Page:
Review – Rasputin #5 (Image Comics)

Rasputin05_CoverPublisher: Image Comics
Writer: Alex Grecian
Artist: Riley Rossmo
Release Date: 25th February, 2015

As the first volume of Image Comics’ dynamic reinvention of the tale of Grigori Rasputin reaches its conclusion, it’s worth taking a moment to soak in the sheer storytelling brilliance which is on display right here. Writer Alex Grecian has continually managed to seamlessly intertwine the worlds of the past and the present, drawing parallels between the two and using the former to introduce characters who will go on to play significant roles in the latter; the end result being that a narrative which ran the risk of becoming muddled and disorienting is instead incredibly straightforward — something which certainly cannot be said for the titular character himself.

This issue relocates Rasputin to the grimy, blood-soaked horror of the war-torn Galician Border as he finds himself tasked with duty of saving the Tsar — and drawn into a moral dilemma about dealing with the larger-scale suffering. The development of Rasputin’s character over the course of the previous four issues simply cannot be understated, and we are presented here with weary, grizzled man who loses more and more of himself every time he is forced to use his ‘gift’ for healing.

Once again, Riley Rossmo’s artwork is all about subtle nuance and ‘feel’ here rather than technical detail, and the minute adjustments in the lead character’s facial expressions through this issue give Rasputin’s journey an added layer of intrigue, and speak to his mood and emotion just as much as Grecian’s dialogue — if not more so. Rossmo’s typically scratchy, ‘dirty’ style is perfectly utilised here in the telling of the story, and his gift for the unusual and surreal (as seen in his other creator-owned work, Drumhellar) give the supernatural aspects of this story an added visual punch.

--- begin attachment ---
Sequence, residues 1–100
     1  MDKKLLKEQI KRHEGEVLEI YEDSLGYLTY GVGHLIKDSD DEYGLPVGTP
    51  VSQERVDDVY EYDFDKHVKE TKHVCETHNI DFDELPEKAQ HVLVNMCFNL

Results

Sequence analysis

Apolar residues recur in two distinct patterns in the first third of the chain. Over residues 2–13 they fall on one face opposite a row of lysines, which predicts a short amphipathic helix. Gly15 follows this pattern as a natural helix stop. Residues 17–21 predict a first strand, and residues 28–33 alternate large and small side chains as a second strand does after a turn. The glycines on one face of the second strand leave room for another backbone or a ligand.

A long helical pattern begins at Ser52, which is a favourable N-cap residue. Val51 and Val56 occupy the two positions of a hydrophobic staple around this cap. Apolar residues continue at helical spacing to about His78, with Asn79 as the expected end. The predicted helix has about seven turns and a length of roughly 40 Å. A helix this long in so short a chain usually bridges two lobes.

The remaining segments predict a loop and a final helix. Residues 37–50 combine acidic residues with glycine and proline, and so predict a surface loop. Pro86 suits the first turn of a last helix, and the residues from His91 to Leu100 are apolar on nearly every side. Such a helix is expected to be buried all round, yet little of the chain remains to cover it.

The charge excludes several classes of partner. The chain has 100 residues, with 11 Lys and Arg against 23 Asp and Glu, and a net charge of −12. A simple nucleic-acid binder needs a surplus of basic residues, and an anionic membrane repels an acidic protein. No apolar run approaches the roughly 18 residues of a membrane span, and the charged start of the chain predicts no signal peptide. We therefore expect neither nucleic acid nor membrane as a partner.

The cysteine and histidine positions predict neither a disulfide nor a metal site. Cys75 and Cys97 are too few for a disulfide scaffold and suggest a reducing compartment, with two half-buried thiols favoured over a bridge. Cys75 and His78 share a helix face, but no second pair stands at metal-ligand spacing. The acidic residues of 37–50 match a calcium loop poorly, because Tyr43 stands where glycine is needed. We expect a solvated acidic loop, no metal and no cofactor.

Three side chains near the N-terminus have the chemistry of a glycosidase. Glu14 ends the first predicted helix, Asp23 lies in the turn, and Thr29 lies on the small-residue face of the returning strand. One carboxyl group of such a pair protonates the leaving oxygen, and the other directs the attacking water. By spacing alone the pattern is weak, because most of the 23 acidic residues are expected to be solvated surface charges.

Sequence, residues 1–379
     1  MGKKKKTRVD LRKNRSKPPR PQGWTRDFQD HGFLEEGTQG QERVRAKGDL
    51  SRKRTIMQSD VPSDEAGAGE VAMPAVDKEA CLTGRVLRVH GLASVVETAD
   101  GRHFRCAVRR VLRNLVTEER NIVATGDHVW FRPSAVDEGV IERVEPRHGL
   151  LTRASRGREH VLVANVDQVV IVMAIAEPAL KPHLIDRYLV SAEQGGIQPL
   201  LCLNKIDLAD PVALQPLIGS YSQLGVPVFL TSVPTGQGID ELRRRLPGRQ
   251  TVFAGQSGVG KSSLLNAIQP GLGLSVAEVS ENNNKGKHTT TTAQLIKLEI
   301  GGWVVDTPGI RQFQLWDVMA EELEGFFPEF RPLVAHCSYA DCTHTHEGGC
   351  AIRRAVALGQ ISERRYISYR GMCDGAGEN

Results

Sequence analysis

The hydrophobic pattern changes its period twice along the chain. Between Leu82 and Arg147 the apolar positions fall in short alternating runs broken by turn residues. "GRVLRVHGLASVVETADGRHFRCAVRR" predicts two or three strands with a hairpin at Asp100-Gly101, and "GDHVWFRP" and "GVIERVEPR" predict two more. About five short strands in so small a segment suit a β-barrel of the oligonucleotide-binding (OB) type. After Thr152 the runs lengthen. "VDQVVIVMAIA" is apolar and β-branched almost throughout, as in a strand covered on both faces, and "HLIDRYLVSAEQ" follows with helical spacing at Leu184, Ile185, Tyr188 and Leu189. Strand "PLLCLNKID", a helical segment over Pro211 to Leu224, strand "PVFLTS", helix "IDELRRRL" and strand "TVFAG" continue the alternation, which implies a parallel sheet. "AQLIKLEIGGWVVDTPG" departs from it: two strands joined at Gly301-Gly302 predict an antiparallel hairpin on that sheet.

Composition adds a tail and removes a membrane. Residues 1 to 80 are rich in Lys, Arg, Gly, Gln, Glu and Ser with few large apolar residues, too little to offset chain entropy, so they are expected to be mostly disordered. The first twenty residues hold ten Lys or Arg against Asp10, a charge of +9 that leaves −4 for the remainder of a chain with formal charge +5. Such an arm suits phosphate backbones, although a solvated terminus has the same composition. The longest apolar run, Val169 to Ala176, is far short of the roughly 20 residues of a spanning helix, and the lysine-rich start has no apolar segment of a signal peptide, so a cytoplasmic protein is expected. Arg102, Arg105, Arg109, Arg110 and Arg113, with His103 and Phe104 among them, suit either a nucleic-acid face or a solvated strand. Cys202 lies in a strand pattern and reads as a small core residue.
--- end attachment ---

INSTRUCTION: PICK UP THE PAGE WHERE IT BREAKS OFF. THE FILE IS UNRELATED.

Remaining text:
However, it has to be pointed out that this book is undoubtedly collaborative effort, with Ivan Plascencia’s brilliantly expressive colours providing extra emphasis to the storyline beats, as well as giving an added visceral quality to the book’s frequent violent moments. Also worth mentioning is the slick lettering of Thomas Mauer that ties everything together, particularly during the present day scenes with the excerpts from Rasputin’s journal.

With the first volume of this story ending in shocking, heart-stopping fashion, it’s undoubtedly going to be a long, painful wait until June 24th for the second volume in the series to begin. However, I’m going to make it my personal mission during that time to ensure that anyone who may have missed out on this inspired series until is given every opportunity to rectify that mistake. Gripping storytelling wrapped up in an utterly sublime visual package, Rasputin is a series that simply must be read.

Rating: 5/5.

The writer of this piece was: 576682_510764502303144_947146289_nCraig Neilson (aka Ceej)
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2 Comments on Review – Rasputin #5 (Image Comics)

  1. One of my favourite new Image series at the moment!

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